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$\displaystyle \rho_{\widetilde{n}}(x)=\sum_{\chi\in\mathcal{O}_{\chi_0}}\rho_{\widetilde{n}}(v_\chi)=\sum_{\chi\in\mathcal{O}_{\chi_0}}\chi(n)v_\chi\in\sum_{\chi\in\mathcal{O}_{\chi_0}}\mathscr{V}_{\chi}=\bigoplus_{\chi\in\mathcal{O}_{\chi_0}}\mathscr{V}_{\chi}$

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Since $x$ and $n$ were arbitrary this part of the proof follows.

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To finish the proof we merely note that for any $g\in G=A\rtimes_\varphi K$ one has $g=\widetilde{n}\widetilde{k}$ for some $n\in N$ and $k\in K$ and so for any $x$ in the direct sum in question one has

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$\displaystyle \rho_{g}=\rho_{\widetilde{n}\widetilde{k}}(g)=\rho_{\widetilde{n}}\left(\rho_{\widetilde{k}}(x)\right)\in \rho_{\widetilde{n}}\left(\bigoplus_{\chi\in\mathcal{O}_{\chi_0}}\mathscr{V}_{\chi}\right)\subseteq\bigoplus_{\chi\in\mathcal{O}_{\chi_0}}\mathscr{V}_{\chi}$

$\blacksquare$

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From this we conclude as a corollary:

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Corollary: Let $\rho:A\rtimes_\varphi K\to\mathcal{U}\left(\mathscr{V}\right)$ be an irrep. Then, there exists precisely one orbit $\mathcal{O}$ of the action $\widehat{\varphi}:K\to\text{Aut}\left(\text{irr}(A)\right)$ for which $\mathscr{V}_\chi\ne\{\bold{0}\}$ if and only if $\chi\in\mathcal{O}$.

Proof: We know since

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$\displaystyle \bigoplus_{\chi\in\text{irr}(A)}\mathscr{V}_{\chi}=\mathscr{V}$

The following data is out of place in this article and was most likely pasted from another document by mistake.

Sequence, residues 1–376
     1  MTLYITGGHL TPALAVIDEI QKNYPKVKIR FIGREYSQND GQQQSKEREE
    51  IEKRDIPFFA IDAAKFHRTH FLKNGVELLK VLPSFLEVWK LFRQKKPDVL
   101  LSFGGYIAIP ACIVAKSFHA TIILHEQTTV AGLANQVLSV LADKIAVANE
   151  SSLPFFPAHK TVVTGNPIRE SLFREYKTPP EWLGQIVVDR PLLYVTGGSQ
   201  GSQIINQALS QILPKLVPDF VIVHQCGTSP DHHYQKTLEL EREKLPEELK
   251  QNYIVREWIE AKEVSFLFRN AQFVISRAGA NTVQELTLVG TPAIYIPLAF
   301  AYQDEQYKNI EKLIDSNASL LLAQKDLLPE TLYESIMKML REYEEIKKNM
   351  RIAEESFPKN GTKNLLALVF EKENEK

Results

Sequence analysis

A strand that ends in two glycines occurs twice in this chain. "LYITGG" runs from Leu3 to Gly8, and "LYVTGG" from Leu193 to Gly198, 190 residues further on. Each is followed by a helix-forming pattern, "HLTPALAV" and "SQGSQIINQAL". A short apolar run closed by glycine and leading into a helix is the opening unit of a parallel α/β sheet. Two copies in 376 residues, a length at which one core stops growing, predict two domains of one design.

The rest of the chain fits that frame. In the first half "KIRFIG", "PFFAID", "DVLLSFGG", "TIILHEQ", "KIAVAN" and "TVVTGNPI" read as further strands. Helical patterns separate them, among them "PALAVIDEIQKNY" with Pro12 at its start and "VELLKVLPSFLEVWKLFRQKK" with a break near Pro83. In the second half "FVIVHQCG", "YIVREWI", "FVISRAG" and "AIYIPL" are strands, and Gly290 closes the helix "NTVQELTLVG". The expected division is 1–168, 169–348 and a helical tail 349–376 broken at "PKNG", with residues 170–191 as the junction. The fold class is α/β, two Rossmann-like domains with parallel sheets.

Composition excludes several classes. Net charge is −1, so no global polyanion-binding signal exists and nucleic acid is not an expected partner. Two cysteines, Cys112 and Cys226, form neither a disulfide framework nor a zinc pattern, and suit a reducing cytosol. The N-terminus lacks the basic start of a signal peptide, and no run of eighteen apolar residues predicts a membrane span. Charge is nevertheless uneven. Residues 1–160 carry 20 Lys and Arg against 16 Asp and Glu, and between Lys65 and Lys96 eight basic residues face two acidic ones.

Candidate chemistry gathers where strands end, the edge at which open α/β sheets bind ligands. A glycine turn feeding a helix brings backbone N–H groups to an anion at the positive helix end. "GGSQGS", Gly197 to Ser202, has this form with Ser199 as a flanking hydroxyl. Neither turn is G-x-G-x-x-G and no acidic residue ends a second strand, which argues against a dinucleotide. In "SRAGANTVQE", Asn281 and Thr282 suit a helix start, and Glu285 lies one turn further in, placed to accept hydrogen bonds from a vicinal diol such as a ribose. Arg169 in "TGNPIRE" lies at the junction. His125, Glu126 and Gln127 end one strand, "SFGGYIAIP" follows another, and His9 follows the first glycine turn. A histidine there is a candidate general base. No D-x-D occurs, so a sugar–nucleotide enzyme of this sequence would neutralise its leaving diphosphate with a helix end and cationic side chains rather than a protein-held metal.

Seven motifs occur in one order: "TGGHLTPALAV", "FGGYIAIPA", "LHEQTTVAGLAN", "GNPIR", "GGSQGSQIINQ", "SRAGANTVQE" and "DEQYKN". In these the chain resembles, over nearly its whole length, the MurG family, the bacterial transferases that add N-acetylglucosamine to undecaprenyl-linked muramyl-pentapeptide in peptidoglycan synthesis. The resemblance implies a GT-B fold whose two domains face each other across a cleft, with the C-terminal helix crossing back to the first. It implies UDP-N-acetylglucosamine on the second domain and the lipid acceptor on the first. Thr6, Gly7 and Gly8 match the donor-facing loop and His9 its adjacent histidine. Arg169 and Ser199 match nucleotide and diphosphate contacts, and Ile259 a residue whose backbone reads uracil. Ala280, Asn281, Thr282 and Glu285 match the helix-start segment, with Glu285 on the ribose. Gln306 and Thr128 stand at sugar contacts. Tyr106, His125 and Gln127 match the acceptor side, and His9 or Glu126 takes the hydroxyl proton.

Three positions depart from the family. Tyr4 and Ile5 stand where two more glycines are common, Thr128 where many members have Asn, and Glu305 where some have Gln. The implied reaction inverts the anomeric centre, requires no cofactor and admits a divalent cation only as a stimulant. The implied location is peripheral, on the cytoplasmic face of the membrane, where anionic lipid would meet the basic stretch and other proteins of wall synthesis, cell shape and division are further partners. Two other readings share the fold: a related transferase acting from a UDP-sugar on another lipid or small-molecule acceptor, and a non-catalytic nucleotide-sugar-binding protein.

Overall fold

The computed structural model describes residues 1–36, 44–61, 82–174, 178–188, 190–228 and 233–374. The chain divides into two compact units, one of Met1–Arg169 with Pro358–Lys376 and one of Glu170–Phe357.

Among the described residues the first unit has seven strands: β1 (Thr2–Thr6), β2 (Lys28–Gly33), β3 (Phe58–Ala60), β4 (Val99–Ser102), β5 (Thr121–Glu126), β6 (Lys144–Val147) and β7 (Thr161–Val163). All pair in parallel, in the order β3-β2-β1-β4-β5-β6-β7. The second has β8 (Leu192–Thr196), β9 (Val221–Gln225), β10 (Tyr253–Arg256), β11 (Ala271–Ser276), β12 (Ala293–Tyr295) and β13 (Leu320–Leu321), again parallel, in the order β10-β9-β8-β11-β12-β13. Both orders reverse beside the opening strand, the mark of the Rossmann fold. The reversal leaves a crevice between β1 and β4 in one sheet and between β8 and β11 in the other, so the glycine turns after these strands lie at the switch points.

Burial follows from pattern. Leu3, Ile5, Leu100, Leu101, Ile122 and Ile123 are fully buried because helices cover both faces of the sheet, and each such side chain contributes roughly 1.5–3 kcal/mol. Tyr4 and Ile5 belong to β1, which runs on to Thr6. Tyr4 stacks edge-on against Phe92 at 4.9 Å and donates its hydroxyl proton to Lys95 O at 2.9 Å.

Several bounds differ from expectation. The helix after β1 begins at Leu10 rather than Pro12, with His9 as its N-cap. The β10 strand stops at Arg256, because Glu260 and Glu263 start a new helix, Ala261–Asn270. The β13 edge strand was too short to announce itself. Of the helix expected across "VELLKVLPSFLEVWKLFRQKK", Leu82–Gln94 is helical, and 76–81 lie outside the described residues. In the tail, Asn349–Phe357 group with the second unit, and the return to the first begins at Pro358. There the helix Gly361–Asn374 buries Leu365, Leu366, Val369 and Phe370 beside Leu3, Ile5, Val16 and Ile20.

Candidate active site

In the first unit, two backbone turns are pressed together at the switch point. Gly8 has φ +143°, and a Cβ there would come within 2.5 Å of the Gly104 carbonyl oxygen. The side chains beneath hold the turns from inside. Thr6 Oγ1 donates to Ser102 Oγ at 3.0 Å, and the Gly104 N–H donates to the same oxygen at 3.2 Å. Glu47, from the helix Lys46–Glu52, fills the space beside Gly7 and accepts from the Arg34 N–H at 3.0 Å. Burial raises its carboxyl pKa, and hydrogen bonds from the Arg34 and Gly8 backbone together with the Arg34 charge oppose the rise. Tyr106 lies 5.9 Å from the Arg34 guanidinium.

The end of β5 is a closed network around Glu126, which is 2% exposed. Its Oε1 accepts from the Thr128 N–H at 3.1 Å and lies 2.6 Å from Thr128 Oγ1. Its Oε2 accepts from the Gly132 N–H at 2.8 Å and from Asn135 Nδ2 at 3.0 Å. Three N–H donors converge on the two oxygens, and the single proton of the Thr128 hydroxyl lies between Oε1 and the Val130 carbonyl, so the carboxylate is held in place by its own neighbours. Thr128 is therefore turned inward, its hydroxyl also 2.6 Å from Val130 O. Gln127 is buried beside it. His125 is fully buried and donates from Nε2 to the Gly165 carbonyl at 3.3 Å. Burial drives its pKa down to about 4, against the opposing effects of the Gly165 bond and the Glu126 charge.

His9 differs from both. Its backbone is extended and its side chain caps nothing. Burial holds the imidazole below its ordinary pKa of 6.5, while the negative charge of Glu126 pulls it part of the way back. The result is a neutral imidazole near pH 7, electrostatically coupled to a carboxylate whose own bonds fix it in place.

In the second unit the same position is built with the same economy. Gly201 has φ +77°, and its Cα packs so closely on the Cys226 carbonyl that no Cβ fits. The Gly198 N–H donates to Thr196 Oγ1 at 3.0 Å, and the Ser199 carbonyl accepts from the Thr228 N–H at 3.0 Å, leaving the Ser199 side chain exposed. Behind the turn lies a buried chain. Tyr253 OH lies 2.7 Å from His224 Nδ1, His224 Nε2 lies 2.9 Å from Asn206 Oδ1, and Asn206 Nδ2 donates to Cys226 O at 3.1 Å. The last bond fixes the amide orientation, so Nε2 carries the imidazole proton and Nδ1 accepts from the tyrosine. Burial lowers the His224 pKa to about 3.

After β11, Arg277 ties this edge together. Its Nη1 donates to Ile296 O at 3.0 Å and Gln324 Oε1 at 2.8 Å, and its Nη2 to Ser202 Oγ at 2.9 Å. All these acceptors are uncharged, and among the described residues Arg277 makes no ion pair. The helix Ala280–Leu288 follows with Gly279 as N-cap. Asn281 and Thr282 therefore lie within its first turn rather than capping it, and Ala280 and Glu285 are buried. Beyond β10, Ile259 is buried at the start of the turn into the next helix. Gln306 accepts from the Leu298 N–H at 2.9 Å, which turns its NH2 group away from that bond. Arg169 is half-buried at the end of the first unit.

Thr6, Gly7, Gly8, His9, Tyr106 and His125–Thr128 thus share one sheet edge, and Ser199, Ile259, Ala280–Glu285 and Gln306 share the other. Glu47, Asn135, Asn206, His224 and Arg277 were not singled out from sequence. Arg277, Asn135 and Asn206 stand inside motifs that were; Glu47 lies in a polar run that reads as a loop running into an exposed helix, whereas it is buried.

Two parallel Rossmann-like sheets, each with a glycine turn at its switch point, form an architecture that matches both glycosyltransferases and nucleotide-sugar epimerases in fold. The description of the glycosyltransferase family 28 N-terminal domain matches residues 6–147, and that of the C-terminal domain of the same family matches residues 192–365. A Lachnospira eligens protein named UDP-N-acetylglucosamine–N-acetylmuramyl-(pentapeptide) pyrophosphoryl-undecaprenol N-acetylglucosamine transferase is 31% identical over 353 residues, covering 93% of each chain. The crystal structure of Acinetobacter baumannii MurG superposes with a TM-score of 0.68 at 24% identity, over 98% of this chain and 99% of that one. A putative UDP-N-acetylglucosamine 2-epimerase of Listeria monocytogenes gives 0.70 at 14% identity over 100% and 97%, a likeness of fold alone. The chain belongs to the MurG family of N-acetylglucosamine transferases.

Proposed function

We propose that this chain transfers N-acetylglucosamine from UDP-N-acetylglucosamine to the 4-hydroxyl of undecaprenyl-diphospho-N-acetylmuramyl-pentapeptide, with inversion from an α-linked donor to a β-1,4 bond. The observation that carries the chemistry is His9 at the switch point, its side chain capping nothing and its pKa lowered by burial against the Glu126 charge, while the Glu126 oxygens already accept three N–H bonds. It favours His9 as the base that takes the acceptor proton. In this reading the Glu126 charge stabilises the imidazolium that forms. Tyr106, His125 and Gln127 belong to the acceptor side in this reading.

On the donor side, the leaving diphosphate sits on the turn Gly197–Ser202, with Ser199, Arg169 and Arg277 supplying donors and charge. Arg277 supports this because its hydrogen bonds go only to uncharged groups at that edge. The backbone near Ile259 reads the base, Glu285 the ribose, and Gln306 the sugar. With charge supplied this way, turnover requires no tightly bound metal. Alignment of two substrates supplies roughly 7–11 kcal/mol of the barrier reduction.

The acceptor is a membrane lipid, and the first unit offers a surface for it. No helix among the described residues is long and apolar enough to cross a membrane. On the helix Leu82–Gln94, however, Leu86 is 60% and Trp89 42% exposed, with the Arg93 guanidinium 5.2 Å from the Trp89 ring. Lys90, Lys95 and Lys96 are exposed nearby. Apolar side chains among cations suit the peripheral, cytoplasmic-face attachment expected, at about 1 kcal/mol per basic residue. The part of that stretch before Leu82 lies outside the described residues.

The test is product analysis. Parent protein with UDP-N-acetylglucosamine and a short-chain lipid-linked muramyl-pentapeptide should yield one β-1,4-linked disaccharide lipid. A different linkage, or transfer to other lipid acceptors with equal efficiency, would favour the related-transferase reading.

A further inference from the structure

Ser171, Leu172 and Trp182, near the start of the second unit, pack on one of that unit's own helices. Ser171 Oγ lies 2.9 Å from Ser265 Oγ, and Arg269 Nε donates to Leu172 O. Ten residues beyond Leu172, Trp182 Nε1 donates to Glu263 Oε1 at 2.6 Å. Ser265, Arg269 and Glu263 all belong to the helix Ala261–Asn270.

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that there exists some $\chi_0\in\text{irr}(A)$ such that $\mathscr{V}_{\chi}\ne\bold{0}$. We claim that $\mathcal{O}_{\chi_0}$ is the orbit we seek. Indeed, to see that $\mathscr{V}_{\lambda}=\{\bold{0}\}$ for $\lambda\notin\mathcal{O}_{\chi_0}$ we note that since $\displaystyle \bigoplus_{\chi\in\mathcal{O}_{\chi_0}}\mathscr{V}_{\chi}$ is non-zero and $\rho$-invariant we may conclude from the irreducibility of $\rho$ that is the full space $\mathscr{V}$. Thus, one has that $\displaystyle \bigoplus_{\chi\in\mathscr{O}_{\lambda}}\mathscr{V}_{\chi}=\{\bold{0}\}$ and so of course $\mathscr{V}_{\lambda}=\{\bold{0}\}$. Now, if $\chi\in\mathcal{O}_{\chi_0}$ then $\chi=\widehat{\varphi}_{k}(\chi_0)$ for some $k\in K$. Thus, by an earlier theorem we have that $\rho_{\widehat{k}}\left(\mathscr{V}_{\chi_0}\right)\subseteq\mathscr{V}_{\chi}$ and so $\dim\mathscr{V}_{\chi}\geqslant\dim\mathscr{V}_{\chi_0}$ and so $\mathscr{V}_{\chi}\ne\bold{0}$. $\blacksquare$

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From this it’s easy to see that

Corollary: If $\mathcal{O}$ is the non-zero orbit described in the above proof then $\dim\mathscr{V}_{\chi}=\dim\mathscr{V}_{\lambda}$ for every $\chi,\lambda\in\mathcal{O}$. In particular, $\dim\mathscr{V}=\#\left(\mathcal{O}\right)\dim\mathscr{V}_{\chi}$.

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References:

1. Simon, Barry. Representations of Finite and Compact Groups. Providence, RI: American Mathematical Society, 1996. Print.